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Bark Beetle

A number of native bark beetles can cause tree mortality in Colorado’s forests and urban environments. These insects have co-evolved over thousands of years with their host trees an are an integral part of forest ecosystems. Bark beetles help shape forest structure and composition and influence forest productivity and biogeochemical cycling—the movement of elements through the ecosystem. They also play important roles in providing habitat for many wildlife species, arthropods (such as insects and millipedes for example) and a great diversity of fungi. Under certain circumstances bark beetles can come in conflict with land managing objectives, whether for a forester or a homeowner and tree mortality can become problematic.

Researchers are working through a long list of questions about how bark beetles affect ecosystems—aside from changing the scenery. Bark beetle infestations create patches of forest that have trees of various ages, densities, species, and successional stages. This variation helps keep the forests healthy. Researchers are looking at ways to connect bark beetle activity with landscape patterns so they can better measure—and better understand—the beetle’s ecological role.

Research suggests that practices such as forest thinning can help mitigate extensive tree mortality caused by bark beetles. However, most studies addressing vegetation management have been conducted on small plots, areas where even-aged management is practiced and in limited forest types. It is also not well understood what levels of insect populations can simply overwhelm managed stands.

Another research priority is sorting out the complicated interactions between bark beetles and forest fires. Interactions between bark beetles and fire take two forms. First, fire can injure trees and change the volatile emissions of conifers, a process that often increases the trees’ susceptibility to some bark beetles. Second, bark beetles can change the forest environment by influencing forest structure and transforming fuels. Overall, wildfire risk following beetle outbreaks, although not well understood, might depend on interactions with several factors. Some of these include weather and climatic patterns, forest type and tree cover type, site characteristics, changes in forest structure, time since mortality, and past management history—among others.

Scientists also are looking at the effects of climate change on beetle biology and outbreaks, which recently have coincided with increased winter temperatures and changing precipitation patterns. Climate change affects bark beetles by altering their development and temperature-induced mortality. Climate change may also affect trees’ defense mechanisms against bark beetle attacks.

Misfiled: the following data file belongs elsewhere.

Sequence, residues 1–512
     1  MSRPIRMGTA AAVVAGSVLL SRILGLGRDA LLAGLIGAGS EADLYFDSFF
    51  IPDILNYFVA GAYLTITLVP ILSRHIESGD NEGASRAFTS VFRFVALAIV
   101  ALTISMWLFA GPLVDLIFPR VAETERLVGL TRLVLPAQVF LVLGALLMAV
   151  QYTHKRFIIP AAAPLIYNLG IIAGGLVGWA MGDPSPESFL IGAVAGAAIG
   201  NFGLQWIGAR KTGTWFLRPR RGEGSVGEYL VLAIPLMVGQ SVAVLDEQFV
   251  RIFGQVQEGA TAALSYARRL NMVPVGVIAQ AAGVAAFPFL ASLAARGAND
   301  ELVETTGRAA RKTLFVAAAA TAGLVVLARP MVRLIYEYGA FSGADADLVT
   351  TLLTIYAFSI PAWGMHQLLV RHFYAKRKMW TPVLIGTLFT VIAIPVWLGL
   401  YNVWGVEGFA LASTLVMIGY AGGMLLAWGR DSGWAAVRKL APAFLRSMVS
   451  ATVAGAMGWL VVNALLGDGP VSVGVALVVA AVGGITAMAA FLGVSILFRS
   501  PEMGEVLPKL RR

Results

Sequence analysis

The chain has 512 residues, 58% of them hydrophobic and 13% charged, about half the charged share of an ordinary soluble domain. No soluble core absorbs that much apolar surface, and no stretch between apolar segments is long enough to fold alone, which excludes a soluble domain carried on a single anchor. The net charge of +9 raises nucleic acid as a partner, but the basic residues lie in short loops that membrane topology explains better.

Although researchers are considering the potentially good effects of outbreaks, they continue to look for ways to mitigate tree mortality. One area that shows promise is the use of semiochemical, substances that insects produce and use to communicate and regulate the attack process in a tree. For example, many bark beetles produce aggregation chemicals, or pheromones, that concentrate insect populations on a tree in an effort to overcome tree defenses. When a tree is fully colonized by the beetles, an anti-aggregation pheromone is released to prevent additional attacks on the tree. This is a way for the insects to reduce competition for resources. Scientists have identified many of these chemicals and studies are being conducted to examine their effectiveness in managing insect populations. Scientists also continue to test insecticides that can be used to prevent trees from being attacked by the bark beetles.

Bark beetles are causing a significant change to western forest scenic landscapes. Scientists are pursuing several lines of research that address the negative effects of beetles and help us understand the beetle’s positive influences.

Important Bark Beetles in Colorado and their Host Trees

Bark Beetle Species
Scientific Name
Primary Host Trees
Scientific Name
Mountain Pine Beetle Dendroctonus ponderosae Ponderosa pine
Lodgepole pine
Limber Pine
various other minor hosts
Pinus ponderosa
Pinus contorta
Pinus flexilis
Spruce Beetle Dendroctonus rufipennis Engelmann Spruce Picea engelmannii
Douglas-fir Beetle Dendroctonus pseudotsugae Douglas-fir Pseudotsuga menziesii
Pinyon ips Ips confusus Pinon pine Pinus edulis
Pine engravers Ips spp. (various species) Pines and other conifers various
Western Balsam Bark Beetle Dryocoetes confusus Subalpine fir Abies lasiocarpa
Contact Us

For questions or comments about bark beetle research at RMRS, contact:

José Negrón
970-498-1252